2. Boundaries – Make sure that if your event venue is fenced off or separated from the outside world, if not already. You want to make it clear to your guests what is considered inside and outside of the event, simultaneously keeping unwanted people out.
3. Medical – Every event should have a doctor or EMT present with a first aid box and ambulance, ready to respond to a medical emergency should one arise. If hiring such an individual for your event is out of your budget, make sure you have someone in your staff trained in first aid and CPR, able to perform tasks such as checking for breath, executing chest compressions, using an automated external defibrillator (AED), and controlling heavy bleeding. You never know when someone could have a heart attack or asphyxiation due to choking, so having knowledgeable individuals around could mean the difference between life and death for a guest.
4. Fire – Make sure you have fire-proofed your event with as many preventative measures as possible, meaning plenty of extinguishers are in place, having a pre-planned exit strategy, making sure exit paths are illuminated in the dark, and keeping a path clear for help access. Make sure your guests and staff are somehow aware of the fire evacuation plan as well, either on the invitation, program, or some other signage. For the full fire preparedness check-off list please refer to our fire safety article.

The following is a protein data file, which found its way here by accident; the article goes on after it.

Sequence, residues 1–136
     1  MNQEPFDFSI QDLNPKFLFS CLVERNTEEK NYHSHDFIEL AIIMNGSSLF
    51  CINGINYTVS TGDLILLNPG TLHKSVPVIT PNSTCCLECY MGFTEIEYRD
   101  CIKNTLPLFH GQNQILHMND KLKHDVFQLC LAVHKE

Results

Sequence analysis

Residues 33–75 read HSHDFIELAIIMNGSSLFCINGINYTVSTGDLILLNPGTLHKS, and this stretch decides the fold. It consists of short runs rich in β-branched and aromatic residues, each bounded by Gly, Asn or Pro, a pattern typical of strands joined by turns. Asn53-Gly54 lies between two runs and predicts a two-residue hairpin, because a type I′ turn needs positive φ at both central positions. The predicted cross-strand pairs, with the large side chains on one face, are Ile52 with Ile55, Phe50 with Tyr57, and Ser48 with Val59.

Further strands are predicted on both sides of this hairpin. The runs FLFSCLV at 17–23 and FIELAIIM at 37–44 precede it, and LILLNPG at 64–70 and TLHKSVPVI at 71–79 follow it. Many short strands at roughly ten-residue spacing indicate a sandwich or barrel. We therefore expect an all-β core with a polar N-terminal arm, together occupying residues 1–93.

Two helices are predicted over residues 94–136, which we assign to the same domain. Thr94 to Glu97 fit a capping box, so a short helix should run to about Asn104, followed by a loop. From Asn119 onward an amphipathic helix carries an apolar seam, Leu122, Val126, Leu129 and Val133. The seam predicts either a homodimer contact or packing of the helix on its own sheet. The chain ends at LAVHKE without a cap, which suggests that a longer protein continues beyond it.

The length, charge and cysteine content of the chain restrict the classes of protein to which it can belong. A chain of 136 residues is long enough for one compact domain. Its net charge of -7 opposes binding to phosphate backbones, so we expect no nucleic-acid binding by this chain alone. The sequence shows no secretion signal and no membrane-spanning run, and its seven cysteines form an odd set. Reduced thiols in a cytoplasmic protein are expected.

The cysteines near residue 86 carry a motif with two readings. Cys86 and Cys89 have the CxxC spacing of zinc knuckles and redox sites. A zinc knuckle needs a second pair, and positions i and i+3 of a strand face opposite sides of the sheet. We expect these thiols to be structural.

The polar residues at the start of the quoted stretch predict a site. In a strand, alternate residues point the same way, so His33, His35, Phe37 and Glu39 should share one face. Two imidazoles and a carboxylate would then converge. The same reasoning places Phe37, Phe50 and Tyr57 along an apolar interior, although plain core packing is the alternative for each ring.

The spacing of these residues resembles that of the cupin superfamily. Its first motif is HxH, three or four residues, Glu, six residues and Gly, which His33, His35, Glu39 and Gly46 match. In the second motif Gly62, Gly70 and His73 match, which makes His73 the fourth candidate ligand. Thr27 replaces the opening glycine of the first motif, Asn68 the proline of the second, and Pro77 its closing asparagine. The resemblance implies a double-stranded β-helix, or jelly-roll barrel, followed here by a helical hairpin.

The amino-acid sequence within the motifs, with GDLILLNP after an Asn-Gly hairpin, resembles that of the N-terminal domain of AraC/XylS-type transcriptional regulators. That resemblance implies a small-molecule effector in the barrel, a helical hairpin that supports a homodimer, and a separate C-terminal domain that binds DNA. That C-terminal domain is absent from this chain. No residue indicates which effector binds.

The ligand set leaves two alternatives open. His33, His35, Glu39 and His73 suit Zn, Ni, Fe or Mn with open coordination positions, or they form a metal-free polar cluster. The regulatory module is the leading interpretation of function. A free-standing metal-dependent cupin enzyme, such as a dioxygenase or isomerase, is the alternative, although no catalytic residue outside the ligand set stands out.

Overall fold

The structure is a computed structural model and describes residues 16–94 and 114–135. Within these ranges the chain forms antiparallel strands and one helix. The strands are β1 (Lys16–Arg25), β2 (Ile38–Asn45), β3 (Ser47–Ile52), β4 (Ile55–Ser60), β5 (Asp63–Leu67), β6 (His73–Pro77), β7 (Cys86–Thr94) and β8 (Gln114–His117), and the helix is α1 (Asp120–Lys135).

5. Liquor – If you are planning on serving alcohol at your event, make sure you are informed of all alcohol liability laws and obtain the proper insurance so that you’re covered in the event of an alcohol related incident, either at your event or on someone’s drive home. If you have minors attending your event, have a method in place for preventing underage drinking, either with ID-checked wristbands, stamps, or even separated designated drinking areas. Additionally, have a plan in place for dealing with guests who over-drink and make sure your bartenders are trained to stopped serving guests with visible signs of heavy intoxication. Have staff in place ready to escort belligerent and troublesome drunks off the premises. It may also be a good idea to set up several cots backstage where guests who over-drank can rest and rehydrate until help arrives.
6. Power Outage – If the power goes out locally, meaning only at your venue, make sure you have technicians on call to investigate faulty wiring or overloaded circuits. It’s also a good idea to have backup power sources like generators in case of a mass blackout. No matter what the cause of the blackout may be, always be sure to have lamps, candles, flashlights, and glowsticks ready just in case, as well as luminous exit paths so guests can find their way out.